OPEC


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OPEC:

see Organization of Petroleum Exporting CountriesOrganization of Petroleum Exporting Countries
(OPEC), multinational organization (est. 1960, formally constituted 1961) that coordinates petroleum policies and economic aid among oil-producing nations.
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OPEC

cartel of nations whose economic livelihood depends upon the export of petroleum. [World Hist.: WB, 14: 646]

OPEC

Organization of Petroleum-Exporting Countries: an organization formed in 1961 to administer a common policy for the sale of petroleum. Its members are Algeria, Indonesia, Iran, Iraq, Kuwait, Libya, Nigeria, Qatar, Saudi Arabia, the United Arab Emirates, and Venezuela. Ecuador and Gabon were members but withdrew in 1992 and 1995 respectively
www.opec.org
References in periodicals archive ?
I see a decline in non-OPEC production and I see an increase in the call on OPEC," he said.
We have to wait a little to see why a political will is affecting OPEC," he said.
In September, OPEC pumped more oil than it had during the previous 13 months, and until now has not been adhering to its own quota of 30 million barrels a day," Eberhart said, adding that OPEC's battle with shale was heating up.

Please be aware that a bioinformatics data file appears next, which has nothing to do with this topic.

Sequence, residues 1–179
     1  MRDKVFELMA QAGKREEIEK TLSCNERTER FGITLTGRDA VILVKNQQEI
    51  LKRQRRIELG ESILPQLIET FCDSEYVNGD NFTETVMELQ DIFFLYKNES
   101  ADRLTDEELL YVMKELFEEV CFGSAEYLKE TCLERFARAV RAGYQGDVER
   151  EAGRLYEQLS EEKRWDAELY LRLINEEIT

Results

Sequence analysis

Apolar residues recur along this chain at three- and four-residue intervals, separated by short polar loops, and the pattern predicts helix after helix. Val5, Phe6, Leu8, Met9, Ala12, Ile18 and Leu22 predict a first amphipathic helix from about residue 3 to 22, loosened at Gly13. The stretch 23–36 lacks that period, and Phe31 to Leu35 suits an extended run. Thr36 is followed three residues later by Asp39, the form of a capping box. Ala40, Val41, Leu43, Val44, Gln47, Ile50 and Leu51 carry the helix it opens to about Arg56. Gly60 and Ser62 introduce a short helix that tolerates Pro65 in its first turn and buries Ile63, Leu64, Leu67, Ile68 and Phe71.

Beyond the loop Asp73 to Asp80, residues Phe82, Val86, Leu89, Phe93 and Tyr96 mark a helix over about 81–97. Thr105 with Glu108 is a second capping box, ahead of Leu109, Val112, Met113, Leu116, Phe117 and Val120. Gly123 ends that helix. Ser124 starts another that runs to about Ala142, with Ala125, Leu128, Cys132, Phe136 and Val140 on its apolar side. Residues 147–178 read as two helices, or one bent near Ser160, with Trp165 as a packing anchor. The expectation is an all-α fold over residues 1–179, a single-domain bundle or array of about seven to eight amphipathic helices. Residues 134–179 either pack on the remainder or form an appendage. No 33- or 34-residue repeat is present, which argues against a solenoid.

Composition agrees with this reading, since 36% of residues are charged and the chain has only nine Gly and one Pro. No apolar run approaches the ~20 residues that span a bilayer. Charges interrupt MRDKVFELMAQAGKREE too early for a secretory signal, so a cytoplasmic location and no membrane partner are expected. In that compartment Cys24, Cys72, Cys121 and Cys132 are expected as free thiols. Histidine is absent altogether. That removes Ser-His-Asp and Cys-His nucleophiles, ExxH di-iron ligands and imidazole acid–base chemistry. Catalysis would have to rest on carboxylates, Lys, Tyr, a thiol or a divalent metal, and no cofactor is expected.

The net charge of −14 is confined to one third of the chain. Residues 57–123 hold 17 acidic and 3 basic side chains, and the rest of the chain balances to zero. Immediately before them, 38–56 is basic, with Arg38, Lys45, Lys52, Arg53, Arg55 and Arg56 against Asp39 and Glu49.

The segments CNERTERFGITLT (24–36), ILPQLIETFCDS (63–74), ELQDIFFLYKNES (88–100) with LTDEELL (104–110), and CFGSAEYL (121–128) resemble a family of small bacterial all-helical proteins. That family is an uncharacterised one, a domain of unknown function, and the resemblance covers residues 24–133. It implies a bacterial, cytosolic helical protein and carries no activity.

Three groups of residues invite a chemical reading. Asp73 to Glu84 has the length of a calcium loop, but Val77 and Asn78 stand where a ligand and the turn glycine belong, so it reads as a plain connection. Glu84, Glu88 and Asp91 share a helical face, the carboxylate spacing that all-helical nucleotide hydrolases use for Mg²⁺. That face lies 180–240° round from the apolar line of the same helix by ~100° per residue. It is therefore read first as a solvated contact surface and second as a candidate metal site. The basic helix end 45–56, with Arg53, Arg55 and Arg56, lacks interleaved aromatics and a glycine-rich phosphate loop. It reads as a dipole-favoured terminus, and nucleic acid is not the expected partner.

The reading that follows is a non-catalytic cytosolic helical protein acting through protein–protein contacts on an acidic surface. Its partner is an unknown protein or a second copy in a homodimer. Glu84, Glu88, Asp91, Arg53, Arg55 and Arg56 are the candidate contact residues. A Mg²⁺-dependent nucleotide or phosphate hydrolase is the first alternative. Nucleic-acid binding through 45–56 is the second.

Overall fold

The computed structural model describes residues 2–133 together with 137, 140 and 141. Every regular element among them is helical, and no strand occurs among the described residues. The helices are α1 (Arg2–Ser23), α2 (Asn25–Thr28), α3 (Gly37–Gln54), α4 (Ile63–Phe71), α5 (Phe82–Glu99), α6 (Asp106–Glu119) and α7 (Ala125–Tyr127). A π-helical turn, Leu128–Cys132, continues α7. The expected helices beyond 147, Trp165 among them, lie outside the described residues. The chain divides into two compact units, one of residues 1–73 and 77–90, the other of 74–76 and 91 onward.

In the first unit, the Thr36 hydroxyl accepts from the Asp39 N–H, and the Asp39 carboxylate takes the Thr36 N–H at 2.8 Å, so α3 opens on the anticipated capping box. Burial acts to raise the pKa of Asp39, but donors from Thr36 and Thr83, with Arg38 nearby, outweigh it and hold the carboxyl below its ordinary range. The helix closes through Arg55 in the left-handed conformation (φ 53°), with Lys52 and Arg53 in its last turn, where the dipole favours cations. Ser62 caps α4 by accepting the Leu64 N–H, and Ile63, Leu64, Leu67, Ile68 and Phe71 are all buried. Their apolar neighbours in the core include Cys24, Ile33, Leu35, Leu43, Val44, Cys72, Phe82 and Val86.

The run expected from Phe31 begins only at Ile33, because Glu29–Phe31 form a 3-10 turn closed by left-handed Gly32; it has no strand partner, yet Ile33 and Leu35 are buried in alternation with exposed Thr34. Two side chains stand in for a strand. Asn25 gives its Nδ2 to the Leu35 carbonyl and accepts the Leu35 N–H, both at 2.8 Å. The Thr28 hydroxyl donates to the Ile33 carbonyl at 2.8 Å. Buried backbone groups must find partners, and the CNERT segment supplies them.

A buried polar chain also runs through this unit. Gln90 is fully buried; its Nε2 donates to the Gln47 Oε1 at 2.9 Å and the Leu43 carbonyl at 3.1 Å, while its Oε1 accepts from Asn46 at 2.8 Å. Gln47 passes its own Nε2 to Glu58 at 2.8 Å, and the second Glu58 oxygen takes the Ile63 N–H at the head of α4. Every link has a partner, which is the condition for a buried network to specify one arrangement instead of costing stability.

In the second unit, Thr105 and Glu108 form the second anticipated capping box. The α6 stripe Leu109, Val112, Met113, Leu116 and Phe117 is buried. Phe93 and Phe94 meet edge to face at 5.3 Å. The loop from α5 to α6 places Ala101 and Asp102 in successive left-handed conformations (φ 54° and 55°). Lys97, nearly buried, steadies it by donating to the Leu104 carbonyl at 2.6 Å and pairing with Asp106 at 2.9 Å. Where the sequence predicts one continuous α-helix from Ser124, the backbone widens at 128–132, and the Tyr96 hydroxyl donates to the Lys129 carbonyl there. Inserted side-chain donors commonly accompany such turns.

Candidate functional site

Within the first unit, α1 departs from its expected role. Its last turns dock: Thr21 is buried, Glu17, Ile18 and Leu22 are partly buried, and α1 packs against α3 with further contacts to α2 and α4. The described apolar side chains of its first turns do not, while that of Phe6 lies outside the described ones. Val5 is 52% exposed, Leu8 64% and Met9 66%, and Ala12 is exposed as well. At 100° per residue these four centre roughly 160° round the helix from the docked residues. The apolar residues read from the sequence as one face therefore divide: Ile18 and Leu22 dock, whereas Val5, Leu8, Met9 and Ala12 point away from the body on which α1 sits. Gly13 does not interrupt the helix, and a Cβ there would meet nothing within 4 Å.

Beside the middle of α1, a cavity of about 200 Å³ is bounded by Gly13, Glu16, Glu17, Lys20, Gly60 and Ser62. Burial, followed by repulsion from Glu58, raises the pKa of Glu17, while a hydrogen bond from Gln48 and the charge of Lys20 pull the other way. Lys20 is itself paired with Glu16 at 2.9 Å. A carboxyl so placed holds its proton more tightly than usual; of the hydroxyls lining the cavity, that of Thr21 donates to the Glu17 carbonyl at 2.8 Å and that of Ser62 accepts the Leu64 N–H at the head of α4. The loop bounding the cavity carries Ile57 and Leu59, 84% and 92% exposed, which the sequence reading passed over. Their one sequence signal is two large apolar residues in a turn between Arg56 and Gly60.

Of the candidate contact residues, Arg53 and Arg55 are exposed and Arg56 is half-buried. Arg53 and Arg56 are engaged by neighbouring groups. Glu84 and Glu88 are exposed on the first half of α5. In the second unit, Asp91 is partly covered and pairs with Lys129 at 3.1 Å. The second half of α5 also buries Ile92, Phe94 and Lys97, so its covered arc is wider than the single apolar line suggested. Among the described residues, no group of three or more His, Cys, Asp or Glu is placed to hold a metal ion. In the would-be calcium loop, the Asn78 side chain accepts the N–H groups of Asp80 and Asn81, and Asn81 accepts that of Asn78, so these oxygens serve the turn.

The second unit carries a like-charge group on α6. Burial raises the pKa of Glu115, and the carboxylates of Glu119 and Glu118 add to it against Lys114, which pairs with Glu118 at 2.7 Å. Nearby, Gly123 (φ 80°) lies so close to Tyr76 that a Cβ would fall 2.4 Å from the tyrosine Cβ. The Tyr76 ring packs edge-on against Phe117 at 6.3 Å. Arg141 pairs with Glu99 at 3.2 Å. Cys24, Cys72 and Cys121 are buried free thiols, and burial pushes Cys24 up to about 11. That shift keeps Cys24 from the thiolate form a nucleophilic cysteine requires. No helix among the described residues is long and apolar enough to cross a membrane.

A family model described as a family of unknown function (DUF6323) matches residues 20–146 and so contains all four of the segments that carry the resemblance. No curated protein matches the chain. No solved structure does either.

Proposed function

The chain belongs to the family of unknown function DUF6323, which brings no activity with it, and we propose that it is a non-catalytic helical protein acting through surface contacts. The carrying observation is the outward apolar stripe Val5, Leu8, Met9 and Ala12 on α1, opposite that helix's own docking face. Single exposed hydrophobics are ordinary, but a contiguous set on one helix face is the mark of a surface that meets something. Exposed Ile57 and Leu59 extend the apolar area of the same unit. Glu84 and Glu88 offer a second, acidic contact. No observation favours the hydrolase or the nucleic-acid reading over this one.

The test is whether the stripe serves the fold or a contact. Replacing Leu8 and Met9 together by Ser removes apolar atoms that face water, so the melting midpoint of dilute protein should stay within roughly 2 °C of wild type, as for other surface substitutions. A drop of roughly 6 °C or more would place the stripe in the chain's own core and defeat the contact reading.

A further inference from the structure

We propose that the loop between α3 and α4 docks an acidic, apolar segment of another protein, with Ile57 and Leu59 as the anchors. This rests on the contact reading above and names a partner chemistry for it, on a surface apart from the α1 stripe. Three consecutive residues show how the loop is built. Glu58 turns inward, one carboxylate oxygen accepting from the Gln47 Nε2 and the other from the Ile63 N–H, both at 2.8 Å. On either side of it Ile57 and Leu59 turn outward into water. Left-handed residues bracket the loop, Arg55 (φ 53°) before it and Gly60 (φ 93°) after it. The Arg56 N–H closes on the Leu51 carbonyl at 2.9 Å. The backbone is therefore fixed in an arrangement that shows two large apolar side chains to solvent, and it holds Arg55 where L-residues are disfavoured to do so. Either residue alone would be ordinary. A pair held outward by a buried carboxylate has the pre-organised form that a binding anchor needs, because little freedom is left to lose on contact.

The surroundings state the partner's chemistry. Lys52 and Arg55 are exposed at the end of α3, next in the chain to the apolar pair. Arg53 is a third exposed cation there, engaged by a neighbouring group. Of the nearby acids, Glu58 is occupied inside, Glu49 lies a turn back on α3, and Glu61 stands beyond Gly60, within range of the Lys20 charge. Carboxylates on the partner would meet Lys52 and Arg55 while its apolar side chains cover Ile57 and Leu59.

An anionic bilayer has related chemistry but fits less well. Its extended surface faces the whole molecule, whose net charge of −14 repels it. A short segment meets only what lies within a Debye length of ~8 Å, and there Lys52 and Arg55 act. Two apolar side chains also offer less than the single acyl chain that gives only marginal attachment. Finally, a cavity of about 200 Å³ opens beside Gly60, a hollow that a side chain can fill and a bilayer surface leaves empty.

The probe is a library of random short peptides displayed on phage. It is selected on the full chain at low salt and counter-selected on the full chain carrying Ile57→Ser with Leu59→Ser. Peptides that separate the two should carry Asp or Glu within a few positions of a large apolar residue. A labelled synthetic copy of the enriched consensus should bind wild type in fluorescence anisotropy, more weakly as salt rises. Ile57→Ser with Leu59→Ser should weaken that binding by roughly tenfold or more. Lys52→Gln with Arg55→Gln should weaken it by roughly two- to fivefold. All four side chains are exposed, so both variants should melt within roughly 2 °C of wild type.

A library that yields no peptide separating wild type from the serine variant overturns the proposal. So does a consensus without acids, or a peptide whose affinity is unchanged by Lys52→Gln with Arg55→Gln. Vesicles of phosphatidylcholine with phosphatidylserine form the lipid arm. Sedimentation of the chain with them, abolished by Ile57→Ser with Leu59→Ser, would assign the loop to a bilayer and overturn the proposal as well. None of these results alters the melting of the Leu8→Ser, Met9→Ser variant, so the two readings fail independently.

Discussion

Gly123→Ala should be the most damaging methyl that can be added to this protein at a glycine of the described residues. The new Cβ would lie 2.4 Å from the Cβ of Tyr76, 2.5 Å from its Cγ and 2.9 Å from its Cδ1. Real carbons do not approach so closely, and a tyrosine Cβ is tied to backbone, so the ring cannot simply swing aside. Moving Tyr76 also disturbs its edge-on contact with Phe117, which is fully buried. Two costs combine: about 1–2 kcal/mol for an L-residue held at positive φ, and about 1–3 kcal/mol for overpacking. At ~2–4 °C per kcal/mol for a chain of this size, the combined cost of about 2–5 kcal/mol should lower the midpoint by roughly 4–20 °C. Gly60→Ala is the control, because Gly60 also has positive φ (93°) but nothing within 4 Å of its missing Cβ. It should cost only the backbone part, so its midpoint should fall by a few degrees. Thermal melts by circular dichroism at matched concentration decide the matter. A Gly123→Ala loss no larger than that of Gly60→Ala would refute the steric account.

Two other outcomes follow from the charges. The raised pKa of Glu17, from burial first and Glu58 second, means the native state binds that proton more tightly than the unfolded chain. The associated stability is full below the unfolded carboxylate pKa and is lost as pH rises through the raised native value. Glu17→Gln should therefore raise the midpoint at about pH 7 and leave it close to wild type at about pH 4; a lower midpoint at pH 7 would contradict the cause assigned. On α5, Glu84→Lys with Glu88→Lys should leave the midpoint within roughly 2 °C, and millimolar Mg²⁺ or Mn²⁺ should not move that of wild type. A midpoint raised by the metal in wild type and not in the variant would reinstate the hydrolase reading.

OPEC still faces problems within its own ranks particularly from Libya, Iraq and Iran.
After initially downplaying shale, OPEC is looking more closely at its impact.
OPEC in December set its official supply target at 30m b/d, settling an argument which broke out in 2011 after Iran and other members opposed a Saudi-proposed plan to raise the production ceiling.
Output levels directly reported by OPEC members rose even more in April.
According to him, OPEC production would increase to 31 million b/d in the first half of next year because of rising output from Libya and Iraq.
The supply boost has lifted OPEC output to more than 30 million barrels per day in July, its highest this year, according to OPEC estimates published on Tuesday, offsetting the loss of Libyan oil due to the conflict there.
At their next meeting, OPEC ministers switched from Market Share to Price Defence.
The Kingdom is a founding member of OPEC coupled with the fact that it boasts the largest petroleum reserve and the greatest production capacity and the largest oil reserve in the world.
But, after forecasting world demand and non-OPEC supply, these models simply assume that OPEC will supply the rest - without taking into account OPEC behavior or considering that OPEC members might not be willing or able to meet the "residual" demand.